BERLIN (AFP): Germany said Tuesday its gas storage facilities were now completely full, helped by a spell of unseasonably warm weather, as the country readies for a winter deprived of Russian energy.
“The total storage level in Germany stands at 100 percent,” the Federal Network Agency, the country’s energy regulator, said in a daily update.
Europe’s largest economy, which for years was heavily reliant on Russian gas imports, has been scrambling to bolster its reserves after Russia cut deliveries in the wake of its February invasion of Ukraine.
The German government had aimed to have its gas storage sites 95 percent full by November, but it reached the target ahead of time in mid-October.
The better-than-expected savings drive was partly down to government efforts to find alternative supplies, especially through imports of liquefied natural gas (LNG) from countries such as Norway and the United States.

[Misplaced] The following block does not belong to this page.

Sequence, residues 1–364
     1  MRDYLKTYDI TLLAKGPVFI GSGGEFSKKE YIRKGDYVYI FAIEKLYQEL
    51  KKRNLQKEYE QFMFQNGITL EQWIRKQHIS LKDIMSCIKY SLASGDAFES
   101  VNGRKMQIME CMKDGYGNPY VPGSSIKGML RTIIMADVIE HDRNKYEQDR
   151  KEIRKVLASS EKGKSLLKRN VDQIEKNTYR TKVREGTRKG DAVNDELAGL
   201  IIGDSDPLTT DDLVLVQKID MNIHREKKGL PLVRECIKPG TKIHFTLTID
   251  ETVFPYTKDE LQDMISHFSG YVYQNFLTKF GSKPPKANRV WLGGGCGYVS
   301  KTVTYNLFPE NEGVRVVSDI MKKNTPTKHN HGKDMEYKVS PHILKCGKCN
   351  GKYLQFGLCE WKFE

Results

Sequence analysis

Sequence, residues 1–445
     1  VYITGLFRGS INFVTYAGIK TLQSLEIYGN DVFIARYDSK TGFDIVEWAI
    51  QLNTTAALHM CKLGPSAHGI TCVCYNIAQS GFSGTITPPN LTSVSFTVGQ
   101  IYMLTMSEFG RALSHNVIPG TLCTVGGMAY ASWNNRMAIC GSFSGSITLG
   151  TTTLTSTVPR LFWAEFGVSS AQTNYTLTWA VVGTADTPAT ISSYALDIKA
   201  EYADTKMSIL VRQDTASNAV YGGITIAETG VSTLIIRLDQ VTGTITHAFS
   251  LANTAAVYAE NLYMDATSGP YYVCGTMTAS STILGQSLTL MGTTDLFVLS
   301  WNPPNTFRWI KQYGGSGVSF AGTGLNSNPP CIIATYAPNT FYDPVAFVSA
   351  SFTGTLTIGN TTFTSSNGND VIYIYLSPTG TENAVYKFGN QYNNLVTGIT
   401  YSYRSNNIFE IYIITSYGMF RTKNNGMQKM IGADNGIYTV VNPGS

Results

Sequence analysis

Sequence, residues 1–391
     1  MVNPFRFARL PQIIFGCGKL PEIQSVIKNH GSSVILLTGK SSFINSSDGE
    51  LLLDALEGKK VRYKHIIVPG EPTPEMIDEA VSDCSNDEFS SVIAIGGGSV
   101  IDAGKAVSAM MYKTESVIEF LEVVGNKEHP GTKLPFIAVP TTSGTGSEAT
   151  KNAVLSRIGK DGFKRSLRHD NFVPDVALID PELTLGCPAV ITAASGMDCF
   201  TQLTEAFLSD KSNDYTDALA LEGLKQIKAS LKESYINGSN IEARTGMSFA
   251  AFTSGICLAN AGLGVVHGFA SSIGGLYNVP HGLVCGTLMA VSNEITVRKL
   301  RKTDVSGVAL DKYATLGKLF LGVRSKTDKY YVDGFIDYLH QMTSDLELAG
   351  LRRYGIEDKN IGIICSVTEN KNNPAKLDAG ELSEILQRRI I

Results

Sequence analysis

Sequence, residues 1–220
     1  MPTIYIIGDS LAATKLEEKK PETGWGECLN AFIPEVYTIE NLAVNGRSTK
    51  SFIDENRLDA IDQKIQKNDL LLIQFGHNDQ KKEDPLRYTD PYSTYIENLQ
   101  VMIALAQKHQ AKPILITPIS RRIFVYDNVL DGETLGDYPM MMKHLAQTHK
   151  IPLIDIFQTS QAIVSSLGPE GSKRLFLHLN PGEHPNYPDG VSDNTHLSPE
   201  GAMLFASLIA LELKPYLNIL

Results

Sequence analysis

Companies and consumers have also heeded government pleas to reduce consumption, made easier by mild autumn weather which has delayed the traditional start of the heating season.
Recent gas use has been “below the average consumption of the last four years” due to temperatures that were 1.9 degrees Celsius (35.4 degrees Fahrenheit) warmer than in previous years, the Federal Network Agency said.
Because some storage sites were physically capable of holding more natural gas, stockpiling “can continue even when the level is 100 percent”, it added.
The milestone came on the same day that Germany inaugurated its first floating LNG terminal, in the northern port of Wilhelmshaven, seen as a key step towards offsetting some of the lost Russian imports.
The first deliveries are scheduled to arrive in December.
Klaus Mueller, the head of the Federal Network Agency, on Twitter hailed the “double success” for Germany’s energy security.
“Wilhelmshaven LNG jetty is ready & gas storage facilities are full to bursting. This is the result of good political decisions,” he tweeted.
“We need this momentum now for the expansion of renewables & their grids.”